by Harry Reid

Preaching Nationalism

June 8, 2012 | by Harry Reid

The rapid rise of the SNP to the status of a respected and popular party of government from its previous eccentric fringe status is remarkable, not only in the political sense but also as a social and cultural phenomenon. The engaging memoir of James Halliday, a veteran SNP activist and office bearer who in 1956, at the age of 29, was elected as the party’s youngest ever chairman, has many merits: perhaps the most obvious is that it serves to remind us, very entertainingly, that until recently the party was very small and very amateurish.

Now it is a progressive, purposive machine with a pragmatic leadership. It is feared and taken seriously in London; in Scotland it is now an accepted and valued part of the country’s cultural sociological and civic landscape. This speedy and extraordinary transformation is analysed with concision and authority in the other book reviewed here: an academic study of the party by Prof James Mitchell of Strathclyde University and his colleagues Lynn Bennie of Aberdeen University and Rob Johns of Essex University. As such studies go, it is refreshingly lucid and available, and happily devoid of abstruse psephological jargon. The book presents a coherent and credible account of the SNP’s swift progress.

The SNP existed before 1948, but could hardly be regarded as a proper political party for till that year its members were allowed to belong to other political parties. Later, it was the advent of devolution that gave the the SNP its first serious opportunity. It was seized with alacrity.

The irony of course is that devolution was championed by the Labour Party, and in particular by the indefatigable Prof John P Mackintosh, who does not get the credit due to him in the Mitchell book. Mackintosh was a prolific journalist, a brilliant polemicist, an academic of distinction – and a Labour MP. In his Monday column in the Scotsman in the early and mid 1970s Mackintosh championed the cause of devolution with force and fluency. He was following up a commitment to devolution which the paper had made as early as 1968, during the long and prescient editorship of Alastair Dunnett.

Eventually Mackintosh’s colleagues in the Parliamentary Labour Party espoused the cause. But they had mixed motives. Some of them embraced devolution because they thought it would destroy Scottish nationalism once for all. How wrong they were; of course their number did not include Donald Dewar, who kept the devolution cause alive almost singlehandedly during Labour’s long years in Opposition from 1979 till 1997, and who eventually, most appropriately, became Scotland’s first First Minister.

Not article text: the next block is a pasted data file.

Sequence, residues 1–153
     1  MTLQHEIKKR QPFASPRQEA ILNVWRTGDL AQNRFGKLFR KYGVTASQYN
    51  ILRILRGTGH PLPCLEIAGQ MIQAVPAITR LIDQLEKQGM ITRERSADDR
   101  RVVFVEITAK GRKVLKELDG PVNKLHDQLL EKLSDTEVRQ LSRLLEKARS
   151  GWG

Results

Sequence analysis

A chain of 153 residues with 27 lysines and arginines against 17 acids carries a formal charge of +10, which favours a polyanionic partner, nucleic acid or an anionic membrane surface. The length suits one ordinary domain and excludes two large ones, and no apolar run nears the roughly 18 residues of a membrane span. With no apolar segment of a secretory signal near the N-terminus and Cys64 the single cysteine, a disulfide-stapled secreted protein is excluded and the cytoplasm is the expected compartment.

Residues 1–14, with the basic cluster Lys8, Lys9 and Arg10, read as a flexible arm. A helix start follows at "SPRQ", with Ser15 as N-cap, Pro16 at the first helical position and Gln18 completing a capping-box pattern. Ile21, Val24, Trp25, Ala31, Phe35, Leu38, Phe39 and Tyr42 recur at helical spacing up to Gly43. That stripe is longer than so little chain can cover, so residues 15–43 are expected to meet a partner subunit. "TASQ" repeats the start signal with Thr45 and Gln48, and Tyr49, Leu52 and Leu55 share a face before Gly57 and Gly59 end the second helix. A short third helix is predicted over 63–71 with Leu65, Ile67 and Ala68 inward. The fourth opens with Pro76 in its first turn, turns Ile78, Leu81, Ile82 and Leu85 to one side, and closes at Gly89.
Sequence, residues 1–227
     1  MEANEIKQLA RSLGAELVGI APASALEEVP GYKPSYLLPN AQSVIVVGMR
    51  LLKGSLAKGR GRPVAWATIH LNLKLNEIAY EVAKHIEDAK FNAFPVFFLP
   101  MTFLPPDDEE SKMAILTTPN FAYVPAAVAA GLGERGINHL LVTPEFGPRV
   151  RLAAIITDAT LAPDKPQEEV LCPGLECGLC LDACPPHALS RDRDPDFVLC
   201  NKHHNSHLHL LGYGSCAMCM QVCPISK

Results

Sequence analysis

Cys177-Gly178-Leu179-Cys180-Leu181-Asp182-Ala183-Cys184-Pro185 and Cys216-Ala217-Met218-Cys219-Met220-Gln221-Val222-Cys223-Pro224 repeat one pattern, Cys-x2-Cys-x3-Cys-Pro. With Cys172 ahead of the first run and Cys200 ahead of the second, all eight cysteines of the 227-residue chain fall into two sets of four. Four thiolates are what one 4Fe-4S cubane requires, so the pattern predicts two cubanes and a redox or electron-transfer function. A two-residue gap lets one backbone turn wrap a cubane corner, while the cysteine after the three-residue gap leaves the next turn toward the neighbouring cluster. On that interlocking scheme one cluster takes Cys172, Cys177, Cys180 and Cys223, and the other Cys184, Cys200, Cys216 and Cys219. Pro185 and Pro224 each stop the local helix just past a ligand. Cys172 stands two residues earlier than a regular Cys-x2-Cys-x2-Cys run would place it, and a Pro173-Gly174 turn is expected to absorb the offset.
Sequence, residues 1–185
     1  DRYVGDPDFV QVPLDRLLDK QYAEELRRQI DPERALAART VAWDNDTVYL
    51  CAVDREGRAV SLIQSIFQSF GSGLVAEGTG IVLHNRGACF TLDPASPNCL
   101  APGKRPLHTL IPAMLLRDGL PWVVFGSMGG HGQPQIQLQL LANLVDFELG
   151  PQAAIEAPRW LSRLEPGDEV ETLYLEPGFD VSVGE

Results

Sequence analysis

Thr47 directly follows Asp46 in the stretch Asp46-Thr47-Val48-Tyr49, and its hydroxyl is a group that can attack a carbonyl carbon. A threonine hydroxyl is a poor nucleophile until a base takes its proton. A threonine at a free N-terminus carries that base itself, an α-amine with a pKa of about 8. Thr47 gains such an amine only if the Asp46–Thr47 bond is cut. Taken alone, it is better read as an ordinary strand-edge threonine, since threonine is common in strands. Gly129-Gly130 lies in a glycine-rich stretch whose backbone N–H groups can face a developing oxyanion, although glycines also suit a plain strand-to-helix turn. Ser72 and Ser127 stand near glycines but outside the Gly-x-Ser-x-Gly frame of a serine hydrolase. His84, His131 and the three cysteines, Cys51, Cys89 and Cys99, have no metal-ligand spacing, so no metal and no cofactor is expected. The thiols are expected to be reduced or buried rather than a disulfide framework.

When the Scotsman was pushing the cause of devolution, the Herald remained suspicious and disdainful. Much later the roles were reversed; the Scotsman, under Andrew Neil, was hostile to the SNP while the Herald, in the late 1990s, became much more sympathetic.

It was more than mere opportunism that allowed the SNP to benefit greatly from devolution. The devolution process created a significant ‘Scottish political space’ that was clearly separate from UK politics. This was a godsend to the SNP; it allowed the party to translate its growing, widely spread support across Scotland more efficiently into seats. The advent of regional list seats was a further boon. In short, devolution handed the SNP what it had hitherto lacked: governing potential. At the first Holyrood elections in 1999, the SNP became Scotland’s second party, both in seats and in votes.

But, as Mitchell and his two colleagues note in their compact narrative, there was still much to do. It was Mike Russell, one of the SNP’s relatively few intellectuals, now education minister in the Scottish Govement and from 1994 to 1999 the party’s chief executive, who advocated, with passion and clarity, the pressing need for an overhaul of the party’s structures. His modernising zeal did not always make him popular but his ideas were taken up by John Swinney when he became the party’s leader in 2000, though his various reforms were not actually introduced till four years later. Swinney played a key role in the party’s modern history. He transformed it from a ‘party of protest’ to a ‘party of government’; few could deny that he was an industrious and accomplished moderniser.
John Swinney, a quiet man and a master of detail, is not a flamboyant, forceful or colourful figure in a party which has had plenty of these (think for instance of Winnie Ewing, Margo MacDonald and the late Douglas Henderson). But his legacy was enormously beneficial. The party was at last turned into an electoral machine, with sophisticated campaigning techniques and an efficient headquarters. Today the SNP organisation is lean and sophisticated.

Meanwhile the party membership (like that of some other mainstream parties) is, as Mitchell and his colleagues show, older, more male, better educated and more middle class than the population at large. Who are these key people, the party’s members? Even with this very thorough study to hand, we do not learn that much about them. They regard themselves as slightly left of centre. The party remains unable, for whatever reason, to attract proportionate cadres of women members and younger members.